You know, my dad was a guitar player and you know, my mom the singer, and my mom’s brothers also were musicians. So you know, it runs in the family on both sides of the family. And because my mom had the most beautiful voice, I wanted to be like her. And since I was with her all the time, she taught me all of that stuff, you know, singing and, and we just became a passion of singing it all, even up until she was 93. When she passed four years ago, she sang the song. I remember, she still held her tune. At 93, she held that tune.”
Marvin: Miniatures & Art
“My passion is miniatures, specifically miniature paintings. But you could if you look around the apartment, you can see quite a few different kinds of miniatures that I have worked on…When I retired, I lived in a mobile home. And I started working on miniatures and just really loved it. There’s so many different ways you can do it and trying to figure out convenient ways to do it, but make it look a little better than it really is. That is the challenge.
“You have to be dedicated to want to take pictures in the cave. You try hauling that equipment through. I mean, you know, especially Colorado caves you have to armor yourself because Colorado caves are small. They’re very tight. So you’re always crawling and climbing and, and so then you have to armor your camera equipment too. And if you don’t yell flash before you take a picture, somebody’s going to beat you up because you’re in a dark environment and then to have a flash go off. That’s not accepted…
I’ve always had wanderlust. You know, it’s just got to see what’s on the other side of the hill.”
“First class, I was hooked. I was just hooked playing with hot molten glass. It is my kind of art as an art student, my painting style tends to be more palette knife than brush. I like that mushy squishy, and glass is like that. It has that. That tactile squishy mushy, working with it…Some people love it because they love designing and they love putting it together. That’s not where my passion is. My passion is getting in there and really playing with it.”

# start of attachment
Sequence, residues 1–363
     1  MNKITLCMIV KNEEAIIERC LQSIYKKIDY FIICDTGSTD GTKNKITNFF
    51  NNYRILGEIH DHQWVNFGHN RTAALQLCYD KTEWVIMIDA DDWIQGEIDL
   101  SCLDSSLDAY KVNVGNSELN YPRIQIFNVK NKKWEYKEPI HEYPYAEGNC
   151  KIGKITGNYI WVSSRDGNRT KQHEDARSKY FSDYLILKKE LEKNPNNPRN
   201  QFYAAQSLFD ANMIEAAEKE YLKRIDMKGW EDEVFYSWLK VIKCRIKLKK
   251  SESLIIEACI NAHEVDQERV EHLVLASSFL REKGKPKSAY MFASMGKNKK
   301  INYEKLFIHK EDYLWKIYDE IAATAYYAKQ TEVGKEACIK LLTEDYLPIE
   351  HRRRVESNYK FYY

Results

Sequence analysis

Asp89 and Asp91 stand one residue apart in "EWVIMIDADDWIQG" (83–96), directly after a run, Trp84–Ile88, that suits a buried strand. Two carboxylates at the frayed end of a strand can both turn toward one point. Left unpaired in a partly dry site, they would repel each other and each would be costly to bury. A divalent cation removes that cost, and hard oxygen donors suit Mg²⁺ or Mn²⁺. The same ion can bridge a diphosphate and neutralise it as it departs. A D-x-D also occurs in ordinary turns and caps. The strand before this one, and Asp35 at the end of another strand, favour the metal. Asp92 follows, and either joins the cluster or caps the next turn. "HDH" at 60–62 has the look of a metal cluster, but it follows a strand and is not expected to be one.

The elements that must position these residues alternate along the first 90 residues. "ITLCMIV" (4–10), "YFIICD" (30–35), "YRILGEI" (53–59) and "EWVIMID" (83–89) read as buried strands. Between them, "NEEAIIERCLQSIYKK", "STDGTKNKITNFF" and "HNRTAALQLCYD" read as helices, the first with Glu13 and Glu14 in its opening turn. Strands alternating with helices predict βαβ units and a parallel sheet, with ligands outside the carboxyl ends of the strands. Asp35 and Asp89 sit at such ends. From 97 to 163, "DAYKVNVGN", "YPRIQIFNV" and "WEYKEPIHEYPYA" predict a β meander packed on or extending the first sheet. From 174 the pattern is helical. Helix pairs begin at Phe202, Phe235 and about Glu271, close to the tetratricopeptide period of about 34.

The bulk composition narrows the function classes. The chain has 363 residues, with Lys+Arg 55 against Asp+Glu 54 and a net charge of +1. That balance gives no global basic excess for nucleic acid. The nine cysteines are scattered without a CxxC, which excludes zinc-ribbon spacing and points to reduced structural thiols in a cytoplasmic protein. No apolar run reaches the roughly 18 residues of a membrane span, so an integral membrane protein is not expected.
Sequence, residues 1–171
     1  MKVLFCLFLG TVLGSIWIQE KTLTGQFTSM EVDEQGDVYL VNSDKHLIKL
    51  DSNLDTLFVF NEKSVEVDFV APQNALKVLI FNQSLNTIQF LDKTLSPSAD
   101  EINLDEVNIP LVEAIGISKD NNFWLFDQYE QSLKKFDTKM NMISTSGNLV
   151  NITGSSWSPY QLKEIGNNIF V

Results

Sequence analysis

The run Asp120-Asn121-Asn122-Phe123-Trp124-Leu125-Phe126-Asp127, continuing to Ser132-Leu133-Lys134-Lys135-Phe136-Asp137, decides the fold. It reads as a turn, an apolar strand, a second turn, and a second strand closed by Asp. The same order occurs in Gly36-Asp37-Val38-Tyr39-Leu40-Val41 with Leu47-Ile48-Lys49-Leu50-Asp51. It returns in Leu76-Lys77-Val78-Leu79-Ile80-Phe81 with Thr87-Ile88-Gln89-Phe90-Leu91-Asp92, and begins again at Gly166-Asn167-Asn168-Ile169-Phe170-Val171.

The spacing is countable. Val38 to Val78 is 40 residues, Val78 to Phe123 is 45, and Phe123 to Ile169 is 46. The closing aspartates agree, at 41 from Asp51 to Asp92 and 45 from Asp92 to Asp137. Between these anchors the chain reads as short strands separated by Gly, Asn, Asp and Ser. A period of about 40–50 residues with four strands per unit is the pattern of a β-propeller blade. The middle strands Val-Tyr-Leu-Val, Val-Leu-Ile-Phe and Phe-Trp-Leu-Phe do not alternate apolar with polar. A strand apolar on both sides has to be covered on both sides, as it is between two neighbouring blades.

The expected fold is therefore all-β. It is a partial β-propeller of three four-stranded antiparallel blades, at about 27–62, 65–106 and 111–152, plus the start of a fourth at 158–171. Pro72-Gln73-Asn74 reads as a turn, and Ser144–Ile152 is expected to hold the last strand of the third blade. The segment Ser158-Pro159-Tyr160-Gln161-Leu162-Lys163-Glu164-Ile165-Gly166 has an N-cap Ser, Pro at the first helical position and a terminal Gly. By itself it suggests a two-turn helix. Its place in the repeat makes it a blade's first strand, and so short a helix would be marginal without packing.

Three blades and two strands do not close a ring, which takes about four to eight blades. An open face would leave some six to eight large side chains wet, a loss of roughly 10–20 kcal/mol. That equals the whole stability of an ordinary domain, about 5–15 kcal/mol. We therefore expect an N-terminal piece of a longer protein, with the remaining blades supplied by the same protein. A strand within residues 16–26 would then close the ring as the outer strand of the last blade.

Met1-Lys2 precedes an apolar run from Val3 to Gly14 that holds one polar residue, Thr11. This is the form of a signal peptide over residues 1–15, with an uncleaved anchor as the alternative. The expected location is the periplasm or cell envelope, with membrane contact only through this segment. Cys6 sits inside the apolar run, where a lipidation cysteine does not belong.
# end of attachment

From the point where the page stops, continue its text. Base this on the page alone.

Susan: Art, Writing & Gardening
“I found very quickly that I’m not good at following instructions. You know, we’re going to make this today and I’d be out of left field making something else entirely, which drove some instructors and other residents nuts. But yeah, I’m having a great time so then they had our sponge painting class. And, again, I found the technique interesting and the company wonderful and the intention was great. But I would go in a different direction. You know, I didn’t like the composition or I didn’t like the colors or, you know, something struck me as just not very interesting…
If I want a picture of something, I use my cell phone. If I want to picture of about a process or an idea, or I like the colors I mean, that’s what you play with. It’s not, it’s not a document, it’s not a record of anything. It’s a, it’s a process.”
“I was born in Ukraine. Came to the United States in October 1949…And on a second day after we arrived in Kansas, I started working in an old folks home. You did take care of people, men and women that needed to be dressed, bathed fed, take care of people, some are bedridden. So I learn how to do that and did it. I was 16…
When I moved here, I volunteered to do any kind of a sewing that needed alteration. People found out…and people kept coming in to do some alterations. When I was doing the sewing, some people would pay for having things done. Then what I would do is I had a pad. I would write their name, room number and how much they paid and put the money that they gave me for doing the alteration put it in an envelope and end of the month, I would turn it into the foundation. Donate it.”
Art & Gordon: Technology
Art and Gordon both teach technology classes to other residents at Eaton. They particularly love their iPads but are savvy with all sorts of devices.